Maryland Enacts Mail-in Ballot Pre-Processing and Curing Law
WASHINGTON, D.C. — On Monday, April 24, Maryland Gov. Wes Moore (D) signed House Bill 535 (and its companion Senate Bill 379) into law, creating a cure process for mail-in ballots and requiring election officials to pre-process mail-in ballots before Election Day. The law tackles two issues that have arisen in Maryland in recent years, making mail-in voting a smoother process for both voters and election administrators in the Old Line State. The law passed on party line votes in both chambers, with all Democrats voting in favor and all Republicans voting against, and will take effect on Oct. 1, 2023.
In 38 states, election officials can pre-process mail-in ballots before the election; nine states and Washington, D.C. permit election officials to pre-process ballots on Election Day, prior to the closing of polls. Previously, Maryland remained the only state that prohibited the processing of mail-in ballots until 8 a.m. on the Wednesday following Election Day. “Processing” typically means removing mail-in ballots from outer envelopes, verifying signatures and preparing them for counting.
Under H.B. 535, officials will now be required to process mail-in ballots eight business days before the first day of early voting. Local officials can waive this requirement if they face an exceptionally low volume of ballots or another constraint. Election officials note that pre-processing will not only lessen the burden on election workers, it will help prevent bad actors from exploiting the delayed release of mail-in voting results to sow doubts in elections.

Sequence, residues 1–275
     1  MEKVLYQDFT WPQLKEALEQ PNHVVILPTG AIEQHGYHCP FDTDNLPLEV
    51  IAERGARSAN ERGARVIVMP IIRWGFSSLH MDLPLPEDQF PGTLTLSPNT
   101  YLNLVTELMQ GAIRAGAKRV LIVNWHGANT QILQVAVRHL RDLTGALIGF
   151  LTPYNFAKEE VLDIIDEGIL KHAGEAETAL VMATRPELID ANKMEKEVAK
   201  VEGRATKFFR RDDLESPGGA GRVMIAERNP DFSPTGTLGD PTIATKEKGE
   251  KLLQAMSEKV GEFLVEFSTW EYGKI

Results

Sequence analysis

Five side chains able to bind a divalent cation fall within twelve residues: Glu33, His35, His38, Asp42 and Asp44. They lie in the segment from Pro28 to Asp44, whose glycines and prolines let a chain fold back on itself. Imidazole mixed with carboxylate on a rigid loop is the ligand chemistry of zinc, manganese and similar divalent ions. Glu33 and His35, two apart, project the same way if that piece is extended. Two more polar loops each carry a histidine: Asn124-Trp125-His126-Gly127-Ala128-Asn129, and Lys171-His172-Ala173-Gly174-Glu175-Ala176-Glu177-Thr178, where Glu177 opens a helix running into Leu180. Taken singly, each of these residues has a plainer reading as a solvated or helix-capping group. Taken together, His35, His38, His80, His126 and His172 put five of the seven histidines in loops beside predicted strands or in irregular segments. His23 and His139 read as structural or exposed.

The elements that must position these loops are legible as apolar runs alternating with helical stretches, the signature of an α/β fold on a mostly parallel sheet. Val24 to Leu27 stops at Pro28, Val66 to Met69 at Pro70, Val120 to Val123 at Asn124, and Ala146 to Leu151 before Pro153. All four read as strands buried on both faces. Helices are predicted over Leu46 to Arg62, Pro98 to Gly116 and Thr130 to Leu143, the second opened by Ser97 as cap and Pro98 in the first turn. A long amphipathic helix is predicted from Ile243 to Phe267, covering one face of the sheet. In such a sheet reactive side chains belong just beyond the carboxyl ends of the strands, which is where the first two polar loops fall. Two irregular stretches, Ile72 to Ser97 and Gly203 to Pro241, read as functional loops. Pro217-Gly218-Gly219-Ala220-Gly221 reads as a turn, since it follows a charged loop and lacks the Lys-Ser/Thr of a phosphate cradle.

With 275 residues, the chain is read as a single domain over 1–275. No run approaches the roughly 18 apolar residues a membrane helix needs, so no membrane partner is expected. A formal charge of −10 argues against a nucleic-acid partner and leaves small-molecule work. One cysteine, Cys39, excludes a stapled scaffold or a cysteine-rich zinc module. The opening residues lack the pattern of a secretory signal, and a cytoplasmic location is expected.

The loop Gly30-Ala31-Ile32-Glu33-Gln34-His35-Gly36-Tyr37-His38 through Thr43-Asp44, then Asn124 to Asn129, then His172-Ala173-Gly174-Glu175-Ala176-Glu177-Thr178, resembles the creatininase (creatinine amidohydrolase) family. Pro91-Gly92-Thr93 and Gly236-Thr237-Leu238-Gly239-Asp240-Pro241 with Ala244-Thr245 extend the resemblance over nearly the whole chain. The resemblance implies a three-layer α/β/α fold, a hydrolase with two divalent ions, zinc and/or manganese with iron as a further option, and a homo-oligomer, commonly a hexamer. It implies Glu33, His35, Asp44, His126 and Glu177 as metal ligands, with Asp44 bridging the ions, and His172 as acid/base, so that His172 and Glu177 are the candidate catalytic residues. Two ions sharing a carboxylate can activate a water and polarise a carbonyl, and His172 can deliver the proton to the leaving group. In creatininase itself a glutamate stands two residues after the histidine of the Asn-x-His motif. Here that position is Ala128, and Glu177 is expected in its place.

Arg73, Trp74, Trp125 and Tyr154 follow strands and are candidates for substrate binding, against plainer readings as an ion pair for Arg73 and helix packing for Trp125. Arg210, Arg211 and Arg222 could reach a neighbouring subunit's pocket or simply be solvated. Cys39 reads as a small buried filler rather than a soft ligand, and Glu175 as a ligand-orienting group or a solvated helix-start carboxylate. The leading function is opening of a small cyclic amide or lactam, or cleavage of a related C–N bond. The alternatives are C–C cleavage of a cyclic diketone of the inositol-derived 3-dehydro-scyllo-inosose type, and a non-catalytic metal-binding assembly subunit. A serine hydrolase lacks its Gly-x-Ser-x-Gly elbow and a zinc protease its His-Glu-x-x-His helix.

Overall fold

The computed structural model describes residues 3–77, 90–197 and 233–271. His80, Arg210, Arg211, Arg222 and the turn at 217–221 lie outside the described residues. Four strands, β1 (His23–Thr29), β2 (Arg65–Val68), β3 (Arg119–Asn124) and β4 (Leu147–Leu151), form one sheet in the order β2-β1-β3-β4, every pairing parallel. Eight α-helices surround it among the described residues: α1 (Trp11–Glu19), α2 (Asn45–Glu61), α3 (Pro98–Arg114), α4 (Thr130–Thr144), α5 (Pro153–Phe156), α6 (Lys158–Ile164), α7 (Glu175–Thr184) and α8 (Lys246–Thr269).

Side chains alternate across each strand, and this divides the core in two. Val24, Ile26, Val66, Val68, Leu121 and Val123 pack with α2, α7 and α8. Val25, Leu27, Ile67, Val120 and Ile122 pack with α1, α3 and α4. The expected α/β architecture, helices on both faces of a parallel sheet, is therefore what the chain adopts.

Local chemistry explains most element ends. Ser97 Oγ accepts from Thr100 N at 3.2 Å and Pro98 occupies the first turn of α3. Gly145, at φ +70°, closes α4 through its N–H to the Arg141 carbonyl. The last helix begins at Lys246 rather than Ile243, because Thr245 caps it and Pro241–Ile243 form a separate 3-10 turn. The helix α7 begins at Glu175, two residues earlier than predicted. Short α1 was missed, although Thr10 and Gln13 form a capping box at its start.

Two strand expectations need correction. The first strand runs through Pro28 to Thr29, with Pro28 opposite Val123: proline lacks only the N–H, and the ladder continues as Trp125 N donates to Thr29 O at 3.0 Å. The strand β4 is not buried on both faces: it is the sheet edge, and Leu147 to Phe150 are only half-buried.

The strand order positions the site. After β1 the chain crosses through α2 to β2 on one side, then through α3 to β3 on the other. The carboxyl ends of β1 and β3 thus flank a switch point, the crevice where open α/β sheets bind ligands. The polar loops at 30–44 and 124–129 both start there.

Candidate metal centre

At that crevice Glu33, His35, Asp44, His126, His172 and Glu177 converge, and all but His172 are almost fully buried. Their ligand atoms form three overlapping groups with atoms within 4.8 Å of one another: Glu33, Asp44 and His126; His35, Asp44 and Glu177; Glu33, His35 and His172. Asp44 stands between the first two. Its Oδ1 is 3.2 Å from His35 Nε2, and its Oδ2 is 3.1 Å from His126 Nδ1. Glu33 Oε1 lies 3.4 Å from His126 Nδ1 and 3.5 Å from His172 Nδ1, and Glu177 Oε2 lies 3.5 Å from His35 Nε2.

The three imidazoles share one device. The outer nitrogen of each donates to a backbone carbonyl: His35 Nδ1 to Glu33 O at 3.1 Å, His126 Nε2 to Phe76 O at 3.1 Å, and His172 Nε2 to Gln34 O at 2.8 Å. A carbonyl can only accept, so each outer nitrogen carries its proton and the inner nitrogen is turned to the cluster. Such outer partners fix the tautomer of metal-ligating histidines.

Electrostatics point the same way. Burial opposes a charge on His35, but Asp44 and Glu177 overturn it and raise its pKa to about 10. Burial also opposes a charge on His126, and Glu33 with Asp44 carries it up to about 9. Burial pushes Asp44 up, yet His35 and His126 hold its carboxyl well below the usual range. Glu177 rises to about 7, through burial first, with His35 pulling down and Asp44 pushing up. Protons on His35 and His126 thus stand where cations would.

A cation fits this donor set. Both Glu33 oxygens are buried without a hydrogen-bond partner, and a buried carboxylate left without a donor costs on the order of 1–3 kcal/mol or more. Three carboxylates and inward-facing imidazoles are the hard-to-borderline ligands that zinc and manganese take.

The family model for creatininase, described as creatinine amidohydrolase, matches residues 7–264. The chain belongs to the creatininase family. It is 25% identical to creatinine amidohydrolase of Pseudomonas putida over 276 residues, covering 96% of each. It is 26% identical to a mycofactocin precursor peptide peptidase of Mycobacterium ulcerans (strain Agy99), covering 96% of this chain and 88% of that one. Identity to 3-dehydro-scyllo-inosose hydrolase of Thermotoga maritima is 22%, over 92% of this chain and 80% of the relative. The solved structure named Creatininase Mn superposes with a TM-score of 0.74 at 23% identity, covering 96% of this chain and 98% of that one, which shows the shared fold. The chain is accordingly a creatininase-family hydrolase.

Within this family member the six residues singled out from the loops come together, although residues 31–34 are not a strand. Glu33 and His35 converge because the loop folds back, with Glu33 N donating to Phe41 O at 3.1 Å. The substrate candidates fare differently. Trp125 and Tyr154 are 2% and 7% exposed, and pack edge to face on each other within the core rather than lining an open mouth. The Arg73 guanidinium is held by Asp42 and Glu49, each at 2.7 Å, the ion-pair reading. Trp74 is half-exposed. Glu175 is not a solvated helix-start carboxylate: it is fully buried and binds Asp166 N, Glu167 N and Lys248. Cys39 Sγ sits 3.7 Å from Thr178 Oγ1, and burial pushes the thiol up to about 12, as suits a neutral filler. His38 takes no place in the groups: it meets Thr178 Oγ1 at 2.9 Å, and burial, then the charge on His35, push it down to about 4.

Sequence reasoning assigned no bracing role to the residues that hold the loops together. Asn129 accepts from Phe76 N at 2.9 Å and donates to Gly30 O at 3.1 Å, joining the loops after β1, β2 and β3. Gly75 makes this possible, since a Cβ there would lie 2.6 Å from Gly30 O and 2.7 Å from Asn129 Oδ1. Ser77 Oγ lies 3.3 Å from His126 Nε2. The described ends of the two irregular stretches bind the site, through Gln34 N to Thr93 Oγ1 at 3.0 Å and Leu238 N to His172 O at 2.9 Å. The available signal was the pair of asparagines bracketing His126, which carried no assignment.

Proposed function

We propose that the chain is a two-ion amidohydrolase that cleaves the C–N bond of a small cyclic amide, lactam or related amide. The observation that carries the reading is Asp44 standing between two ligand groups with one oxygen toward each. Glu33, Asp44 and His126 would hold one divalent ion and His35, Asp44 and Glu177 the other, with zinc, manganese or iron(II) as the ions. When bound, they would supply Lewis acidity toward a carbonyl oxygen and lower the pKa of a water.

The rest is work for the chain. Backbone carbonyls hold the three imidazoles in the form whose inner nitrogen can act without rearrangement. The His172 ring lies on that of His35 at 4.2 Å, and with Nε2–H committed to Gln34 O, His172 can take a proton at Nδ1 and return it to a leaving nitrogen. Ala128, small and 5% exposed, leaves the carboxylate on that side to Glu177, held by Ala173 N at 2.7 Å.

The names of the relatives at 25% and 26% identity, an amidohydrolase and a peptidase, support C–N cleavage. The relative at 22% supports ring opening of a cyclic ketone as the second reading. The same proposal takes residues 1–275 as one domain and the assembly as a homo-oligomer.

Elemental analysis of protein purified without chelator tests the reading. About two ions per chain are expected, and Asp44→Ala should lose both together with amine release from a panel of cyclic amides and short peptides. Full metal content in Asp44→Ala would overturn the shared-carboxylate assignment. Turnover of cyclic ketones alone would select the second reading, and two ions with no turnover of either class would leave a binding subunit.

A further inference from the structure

The new law also comes after litigation over the issue ahead of the 2022 midterm elections when state courts granted a request from the Maryland State Board of Elections to begin processing mail-in ballots on an earlier schedule. The Republican gubernatorial candidate, Dan Cox, intervened in the lawsuit to prevent this rule change, but was unsuccessful. Cox later invoked the radical independent state legislature theory in a petition to the U.S. Supreme Court, arguing that Maryland courts usurped the Legislature’s power when they allowed officials to begin counting mail-in ballots earlier than state law permitted; this cert petition was denied in February.
H.B. 535 also enacts a cure process for voters to correct mistakes on their mail-in ballots to ensure they are counted. The law requires the State Board of Elections to create guidelines for local officials to notify a voter of their failure to sign a mail-in ballot properly “as soon as practicable but not later than 3 business days after” the mistake was noticed. The local officials must then “provide the voter an opportunity to correct the omission and have the ballot counted.” Voters will be able to send a digital picture of their signature, among other communication methods.
Yesterday, Moore also signed laws establishing a statewide minimum of poll worker pay, expanding public comment opportunities before polling place changes and more.